Lessons for Living

“The key to living a truly satisfying life is nurturing your relationships…” I was startled by the tagline of the article in

Jake borrows Denise's jacket for a goofy pic. Just another good relationship at CCBS.

Jake borrows Denise's jacket for a goofy pic. Just another good relationship at CCBS.

October’s issue of Psychology Today. There was the R word again, RELATIONSHIPS, front and center, demanding my attention with a “How are yours going these days?” insinuation. And the teacher in me has to give an honest C+. I’m struggling. Or maybe closer to the truth: I’m juggling, and a few balls are getting dropped, especially in the relationships department

I’ve got a lot on my plate right now – Academic Dean, teacher, Soccer mom, choir member, Clemson University doctoral student, chef, maid, laundress, taxi, and tutor. Oh, and single motherhood, which is a full time job in itself. At our August Family Seminar, we were asked to introduce ourselves and reveal our secret superpower wish.  I rather flippantly answered, “Are you kidding? I’m a single mother. I HAVE all the superpowers I need.” You may notice there are a lot of jobs I have, but no mention of relationships in here. In other words, a lot of “whats” but not a lot of “whos.”

To make things worse, we create a life of busy and then throw in an unspoken infallibility factor upon ourselves. The “if you’re going to do it all, you better do it well without complaint” self-challenge. That’s a perfect setup for failure, shame, and doubt when something doesn’t go right. Keeping busy prevents us from reflecting upon how well we’re doing in the really important thing in life: Relationships. That’s a strange little paradigm, isn’t it? We stay occupied pretending to be too busy for platonic and romantic relationships that we might fail at, but become so busy we end up chastising ourselves for not doing a good job at things that may not be that important in the first place.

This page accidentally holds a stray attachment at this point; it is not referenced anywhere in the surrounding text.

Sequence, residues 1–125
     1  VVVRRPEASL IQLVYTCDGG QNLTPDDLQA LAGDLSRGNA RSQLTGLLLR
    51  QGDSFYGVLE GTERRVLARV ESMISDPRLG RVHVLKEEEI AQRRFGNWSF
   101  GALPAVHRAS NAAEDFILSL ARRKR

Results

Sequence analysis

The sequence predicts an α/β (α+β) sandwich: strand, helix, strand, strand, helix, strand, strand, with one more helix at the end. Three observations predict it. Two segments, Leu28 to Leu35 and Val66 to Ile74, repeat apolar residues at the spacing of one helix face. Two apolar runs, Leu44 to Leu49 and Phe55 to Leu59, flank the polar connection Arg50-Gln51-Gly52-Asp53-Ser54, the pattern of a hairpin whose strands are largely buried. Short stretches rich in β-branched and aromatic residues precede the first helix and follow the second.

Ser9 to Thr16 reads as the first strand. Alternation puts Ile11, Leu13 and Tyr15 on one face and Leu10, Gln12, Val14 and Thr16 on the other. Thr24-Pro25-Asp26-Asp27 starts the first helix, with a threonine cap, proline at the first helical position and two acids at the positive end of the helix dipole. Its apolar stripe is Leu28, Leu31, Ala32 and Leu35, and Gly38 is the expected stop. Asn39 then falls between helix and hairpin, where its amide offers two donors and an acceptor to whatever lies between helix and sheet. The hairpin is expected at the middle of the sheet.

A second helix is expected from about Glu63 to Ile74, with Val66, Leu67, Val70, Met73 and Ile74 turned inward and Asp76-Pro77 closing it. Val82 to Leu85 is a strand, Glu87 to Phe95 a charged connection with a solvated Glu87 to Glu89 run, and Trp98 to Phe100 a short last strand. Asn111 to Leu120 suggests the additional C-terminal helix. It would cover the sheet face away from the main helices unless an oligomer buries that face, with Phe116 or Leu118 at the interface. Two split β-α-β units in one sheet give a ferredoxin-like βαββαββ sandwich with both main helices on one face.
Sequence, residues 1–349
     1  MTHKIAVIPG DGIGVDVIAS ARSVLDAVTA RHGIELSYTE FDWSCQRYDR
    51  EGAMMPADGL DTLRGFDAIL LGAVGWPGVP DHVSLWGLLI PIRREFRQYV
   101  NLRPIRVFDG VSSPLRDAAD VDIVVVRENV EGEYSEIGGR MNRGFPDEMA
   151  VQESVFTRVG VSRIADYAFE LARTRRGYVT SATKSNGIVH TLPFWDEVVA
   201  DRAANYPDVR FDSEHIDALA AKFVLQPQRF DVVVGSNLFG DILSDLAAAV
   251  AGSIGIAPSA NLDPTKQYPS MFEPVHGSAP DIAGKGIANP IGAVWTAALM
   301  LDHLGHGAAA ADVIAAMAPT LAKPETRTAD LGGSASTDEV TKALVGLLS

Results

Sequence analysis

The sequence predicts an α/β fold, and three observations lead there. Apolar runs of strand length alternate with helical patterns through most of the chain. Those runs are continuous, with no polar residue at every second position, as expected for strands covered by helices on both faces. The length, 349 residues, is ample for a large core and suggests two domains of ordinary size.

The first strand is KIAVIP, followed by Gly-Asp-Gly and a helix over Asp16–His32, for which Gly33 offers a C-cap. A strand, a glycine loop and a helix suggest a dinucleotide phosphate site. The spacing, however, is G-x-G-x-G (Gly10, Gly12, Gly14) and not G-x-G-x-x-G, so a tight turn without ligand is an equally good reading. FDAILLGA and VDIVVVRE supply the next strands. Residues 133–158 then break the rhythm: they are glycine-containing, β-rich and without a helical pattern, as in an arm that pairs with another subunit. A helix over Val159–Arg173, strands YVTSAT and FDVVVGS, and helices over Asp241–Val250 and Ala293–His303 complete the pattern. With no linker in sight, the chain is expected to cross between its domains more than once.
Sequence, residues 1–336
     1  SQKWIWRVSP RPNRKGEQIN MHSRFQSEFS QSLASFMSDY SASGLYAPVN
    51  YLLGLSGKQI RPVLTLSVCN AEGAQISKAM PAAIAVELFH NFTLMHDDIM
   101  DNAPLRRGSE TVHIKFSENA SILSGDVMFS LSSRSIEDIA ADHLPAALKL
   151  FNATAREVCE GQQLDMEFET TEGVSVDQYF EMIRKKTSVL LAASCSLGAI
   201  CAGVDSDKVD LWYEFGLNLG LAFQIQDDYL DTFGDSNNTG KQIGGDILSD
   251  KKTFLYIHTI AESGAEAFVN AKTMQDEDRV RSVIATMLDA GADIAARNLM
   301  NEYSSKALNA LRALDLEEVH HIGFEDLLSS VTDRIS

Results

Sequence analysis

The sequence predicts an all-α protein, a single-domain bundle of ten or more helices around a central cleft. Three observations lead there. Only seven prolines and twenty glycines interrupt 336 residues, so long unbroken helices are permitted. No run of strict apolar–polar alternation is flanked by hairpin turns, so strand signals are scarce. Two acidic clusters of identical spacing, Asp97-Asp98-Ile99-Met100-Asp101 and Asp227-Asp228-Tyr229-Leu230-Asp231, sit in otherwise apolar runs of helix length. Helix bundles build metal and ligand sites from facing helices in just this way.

Here at school, we focus on teaching the boys that relationship is first and foremost, yet I’m not fully modeling the behavior. I may be driving my son to soccer, but I could do better just engaging him in discussion on the way to the game. I am singing on the Worship Team, but when we’re just talking and not practicing harmonies, my thoughts stray to what I have to do next. I’ve got the schedule down pat, but I’m not allowing my guard down to show vulnerability in the moment.

Vulnerability is a key concept in relationships. It popped up in an amazing TED talk last night in my college class. The segment featured Brene’ Brown, who is a research professor at the University of Houston and has spent the past ten years studying vulnerability, courage, authenticity, and shame. She seeks to answer the question, “how do we learn to embrace our vulnerabilities and imperfections so that we can engage in our lives from a place of authenticity and worthiness?” I know I have to give myself permission to be less busy and more vulnerable to engage in relationships that have – as we say at CCBS – heart  and meaning. And to accept no shame if I do it imperfectly.  The discovery of what is “real and true about ourselves and the world around us” means to render ourselves vulnerable and fully embrace the ride!

Invest 20 very worthwhile minutes to enjoy Brene’ Brown’s TED talk “The Power of Vulnerability” at this website address:

http://www.ted.com/talks/brene_brown_on_vulnerability.html

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posted by Shaler Black Cooper in Discovering What is Real and True and have Comments (3)

3 Responses to “Lessons for Living”

  1. Carla Shorts says:

    To my favorite Academic Queen: You are amazing! Thank you for passing along the TED talk on Vulnerability!

    CDS

  2. Shaler Cooper says:

    Thanks for the reminders Denise! This is another example of ‘easier said than done.’ What a great reminder for us all!

  3. Jeffrey says:

    Denise, your honesty is most refreshing and your writing a pleasure to read.
    Thank you-
    And yes, that’s a great TED talk.

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